By DAVID CASUCO, Balita Media Editor

Boracay is arguably a world class destination. Surprisingly, a lot of Filipinos and Fil-Ams have not been there because they think they don’t have enough money to spend for the trip. It is a shame, because when I did my own personal survey, only one of ten Pinoys that I pooled had been to that Paradise Island, while the Chinese and Korean tourists come in droves everyday to frolic with abandon on one of God’s most awesome masterstrokes.

Going Boracay is not, by any stretch of the imagination, very expensive. You can have fun under the sun on one of the most fabulous beaches in the world without breaking the bank.

Let us start in Manila with $500 (roughly 22 thousand  pesos), or less a quarter of your paycheck in California.  The next thing is pick a month that is not in season;  say, July to November (the average round trip Caticlan Boracay-Manila airfare is  PHp10,000). The air fare, you can charge it to your visa card.

And even if you don’t  use your credit card, you still have a full 12k in your pocket. Less the terminal fees and taxes (these are usually covered if you go through a travel agency), you should have a solid 10k left when you disembark on the shores of the tropical wonderland.

Don’t get crazy, watch your luggage, the white powdery beach is still a twenty-minute ride away. Look to your right where the pedicabs are lined up. (The taxi and FX are not options if you are on a budget trip).Tell the pedicab driver to bring you to Stage Two (the beach area has three stages), and in a street where the Boracay Police Station is located (just tell him you have business with the cops).  In that street, you will find 700 pesos-a-night air-conditioned pension houses; others with wi-fi connectivity like Alice In Wonderland and Roque charge a couple of hundred dollars more.  If you want to save more, tell the pedicab driver you don’t mind if he loads more people in. In that case you cut your pedicab fare by half. Now, pay attention, there is a caveat here:  You have to hold your L.A. accent in check.  If the driver senses that you are from the la-la Land of the dollars, most likely he will overcharge you.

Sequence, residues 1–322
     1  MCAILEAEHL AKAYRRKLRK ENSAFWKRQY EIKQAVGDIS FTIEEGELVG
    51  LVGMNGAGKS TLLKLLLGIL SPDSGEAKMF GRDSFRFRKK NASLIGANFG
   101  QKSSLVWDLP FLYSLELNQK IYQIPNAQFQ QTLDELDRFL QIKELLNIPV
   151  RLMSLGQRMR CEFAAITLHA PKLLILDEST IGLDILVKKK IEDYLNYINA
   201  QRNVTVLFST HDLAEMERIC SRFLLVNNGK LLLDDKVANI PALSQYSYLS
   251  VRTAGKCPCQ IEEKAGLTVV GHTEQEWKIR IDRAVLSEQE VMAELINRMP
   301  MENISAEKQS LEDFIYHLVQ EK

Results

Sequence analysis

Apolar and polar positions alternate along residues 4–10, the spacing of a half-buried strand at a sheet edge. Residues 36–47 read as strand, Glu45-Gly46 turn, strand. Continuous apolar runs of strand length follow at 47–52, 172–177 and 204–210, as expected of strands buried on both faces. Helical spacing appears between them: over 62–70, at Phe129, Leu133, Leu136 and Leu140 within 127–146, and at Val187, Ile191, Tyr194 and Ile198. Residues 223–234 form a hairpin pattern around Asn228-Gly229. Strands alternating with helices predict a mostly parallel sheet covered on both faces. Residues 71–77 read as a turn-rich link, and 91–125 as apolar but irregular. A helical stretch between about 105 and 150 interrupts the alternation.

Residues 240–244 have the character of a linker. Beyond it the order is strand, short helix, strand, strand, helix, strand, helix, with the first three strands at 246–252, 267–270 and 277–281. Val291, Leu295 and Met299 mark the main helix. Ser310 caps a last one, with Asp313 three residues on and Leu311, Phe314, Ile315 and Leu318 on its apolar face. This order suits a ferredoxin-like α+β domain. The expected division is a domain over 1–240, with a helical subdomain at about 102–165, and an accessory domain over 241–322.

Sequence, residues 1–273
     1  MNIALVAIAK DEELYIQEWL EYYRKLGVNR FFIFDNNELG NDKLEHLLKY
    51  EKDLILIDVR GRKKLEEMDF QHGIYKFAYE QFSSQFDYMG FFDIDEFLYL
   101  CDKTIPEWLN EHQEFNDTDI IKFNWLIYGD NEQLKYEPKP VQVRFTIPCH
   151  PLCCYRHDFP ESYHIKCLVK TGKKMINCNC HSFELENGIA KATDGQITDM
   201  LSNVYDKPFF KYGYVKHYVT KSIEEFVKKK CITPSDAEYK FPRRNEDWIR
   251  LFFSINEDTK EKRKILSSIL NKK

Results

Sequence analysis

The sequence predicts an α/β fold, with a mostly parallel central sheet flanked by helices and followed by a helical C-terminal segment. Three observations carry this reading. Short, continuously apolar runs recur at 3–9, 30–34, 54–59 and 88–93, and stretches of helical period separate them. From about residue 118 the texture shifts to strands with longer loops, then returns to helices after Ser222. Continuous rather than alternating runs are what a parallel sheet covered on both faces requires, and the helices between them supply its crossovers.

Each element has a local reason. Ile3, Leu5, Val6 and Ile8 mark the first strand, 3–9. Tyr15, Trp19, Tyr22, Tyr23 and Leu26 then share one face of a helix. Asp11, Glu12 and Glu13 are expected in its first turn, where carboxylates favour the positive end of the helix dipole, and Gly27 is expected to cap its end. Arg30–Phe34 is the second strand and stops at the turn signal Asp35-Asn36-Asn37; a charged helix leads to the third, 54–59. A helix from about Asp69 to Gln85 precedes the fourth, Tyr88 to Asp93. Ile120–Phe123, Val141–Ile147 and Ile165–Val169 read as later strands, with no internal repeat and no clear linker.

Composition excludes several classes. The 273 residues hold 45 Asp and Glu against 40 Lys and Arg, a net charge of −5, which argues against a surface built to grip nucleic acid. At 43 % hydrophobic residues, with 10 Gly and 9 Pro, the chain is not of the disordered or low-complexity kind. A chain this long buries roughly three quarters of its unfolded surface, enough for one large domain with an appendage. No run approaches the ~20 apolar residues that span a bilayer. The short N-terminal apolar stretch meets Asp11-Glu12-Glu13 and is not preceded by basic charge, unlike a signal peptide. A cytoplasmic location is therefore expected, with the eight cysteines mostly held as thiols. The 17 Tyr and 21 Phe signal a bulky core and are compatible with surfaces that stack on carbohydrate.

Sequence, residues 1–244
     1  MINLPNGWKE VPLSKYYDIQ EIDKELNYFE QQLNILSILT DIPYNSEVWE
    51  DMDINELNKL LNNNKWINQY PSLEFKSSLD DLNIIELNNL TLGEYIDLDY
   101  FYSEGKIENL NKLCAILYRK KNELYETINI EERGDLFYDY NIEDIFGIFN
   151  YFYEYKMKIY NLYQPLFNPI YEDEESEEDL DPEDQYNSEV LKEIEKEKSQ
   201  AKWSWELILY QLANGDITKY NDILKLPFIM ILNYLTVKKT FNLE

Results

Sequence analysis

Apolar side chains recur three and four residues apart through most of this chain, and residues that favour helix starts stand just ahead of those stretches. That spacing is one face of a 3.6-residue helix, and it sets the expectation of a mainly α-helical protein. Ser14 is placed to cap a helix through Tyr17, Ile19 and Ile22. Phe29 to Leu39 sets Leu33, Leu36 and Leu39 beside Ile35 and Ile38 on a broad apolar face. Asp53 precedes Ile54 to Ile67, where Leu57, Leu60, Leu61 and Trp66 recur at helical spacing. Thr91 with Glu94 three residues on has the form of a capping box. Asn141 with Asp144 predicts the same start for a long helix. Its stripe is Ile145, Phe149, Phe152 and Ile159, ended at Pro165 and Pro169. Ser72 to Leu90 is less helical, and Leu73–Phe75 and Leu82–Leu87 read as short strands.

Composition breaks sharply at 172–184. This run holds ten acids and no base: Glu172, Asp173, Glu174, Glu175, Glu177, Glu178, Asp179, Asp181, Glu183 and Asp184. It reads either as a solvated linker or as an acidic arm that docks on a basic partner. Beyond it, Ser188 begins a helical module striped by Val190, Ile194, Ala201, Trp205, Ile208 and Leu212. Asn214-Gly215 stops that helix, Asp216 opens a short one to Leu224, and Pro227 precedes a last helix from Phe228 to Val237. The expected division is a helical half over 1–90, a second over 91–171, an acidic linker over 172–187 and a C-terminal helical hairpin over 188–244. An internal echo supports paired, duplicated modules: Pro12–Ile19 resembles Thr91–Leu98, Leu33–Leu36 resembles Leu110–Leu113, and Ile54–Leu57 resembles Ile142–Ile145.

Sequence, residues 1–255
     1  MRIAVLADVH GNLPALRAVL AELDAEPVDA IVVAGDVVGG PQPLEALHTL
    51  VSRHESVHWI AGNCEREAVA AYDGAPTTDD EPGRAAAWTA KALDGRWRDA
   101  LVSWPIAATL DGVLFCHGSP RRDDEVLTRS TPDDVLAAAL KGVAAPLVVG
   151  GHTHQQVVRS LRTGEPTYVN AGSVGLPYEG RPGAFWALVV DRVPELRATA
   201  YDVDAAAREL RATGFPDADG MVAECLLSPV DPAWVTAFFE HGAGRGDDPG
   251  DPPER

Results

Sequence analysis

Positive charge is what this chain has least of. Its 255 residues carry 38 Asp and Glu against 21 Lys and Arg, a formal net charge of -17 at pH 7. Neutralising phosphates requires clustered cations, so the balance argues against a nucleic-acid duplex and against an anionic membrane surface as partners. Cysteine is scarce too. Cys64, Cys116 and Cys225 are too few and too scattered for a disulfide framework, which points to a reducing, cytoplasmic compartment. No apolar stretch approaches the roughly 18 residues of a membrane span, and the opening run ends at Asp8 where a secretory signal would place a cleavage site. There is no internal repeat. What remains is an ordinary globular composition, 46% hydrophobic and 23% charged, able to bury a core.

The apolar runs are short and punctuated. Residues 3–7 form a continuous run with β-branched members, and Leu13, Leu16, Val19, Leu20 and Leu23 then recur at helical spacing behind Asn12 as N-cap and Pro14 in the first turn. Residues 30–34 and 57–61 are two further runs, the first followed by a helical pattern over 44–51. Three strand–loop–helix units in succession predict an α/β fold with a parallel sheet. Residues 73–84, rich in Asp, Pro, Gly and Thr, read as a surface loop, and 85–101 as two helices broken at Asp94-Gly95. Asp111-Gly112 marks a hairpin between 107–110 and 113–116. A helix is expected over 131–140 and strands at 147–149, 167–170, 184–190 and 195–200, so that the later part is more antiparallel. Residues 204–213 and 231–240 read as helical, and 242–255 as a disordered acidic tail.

Having paid two thousand pesos for two nights, you have seven thousand pesos remaining. Two days and three nights of food will cost you (on a 350 pesos a day) about a thousand. You do not buy your food by the beach front, you know that. Sure, a two-piece banana cue at the beach costs only 20 pesos or less.

Now, you gotta take advantage of the sun, the sea , and the sand. Nobody, but God, owns those. So, the use of those wonderful natural amenities does not cost anything (what an amazingly wonderful and generous God!) Aside from making the sand powdery white (the sand does not get hot even during the torrid summer heat), the salinity of the water around the beach is considerably lower compared to anywhere else. How did it happen in Boracay, only God knows.

Remember, Boracay is essentially a party beach. Meaning the Boracay nights are just as vibrant and engaging. So, aside from the day time fun, the evenings usher in more entertainment and an endless flow of wine and spirits. If you get sucked up onto these activities, you must use your charge cards.

Whenever you get hungry, take a tricycle (ten pesos or $0.20) to the flea market or the Talipapa sa Boracay and you will have a myriad choices of food from Mang Inasal to Andok’s Manok, to barbecue restaurants and Korean-inspired kitchens. In there, you can buy fresh young coco juice at 40 pesos, and eat fresh fish straight from the chopping boards of the wet market right in the middle of the clean and very orderly talipapa. You will be surprised that when you check out from the pension house, you will have enough money for the pasalubongs. Just with 500 dollars.

Before I forgot , the Talipapa sa Boracay is a haven for bargain shoppers. So, any extra time you have after meals can be spent shopping around the flea market, where one can find exotic souvenir items – from the handwoven malongs to cultured blue or pink pearls from the sea farms of or nearby Palawan.

Oh, did you say you are using your visa card for the air fare?  Then, your out-of- the-pocket expenses should be just 300 dollars (roughly 14 thousand pesos). Then, you can still buy a couple of Boracay Rum for your backyard weekend barbecue back here in L.A. Told ya!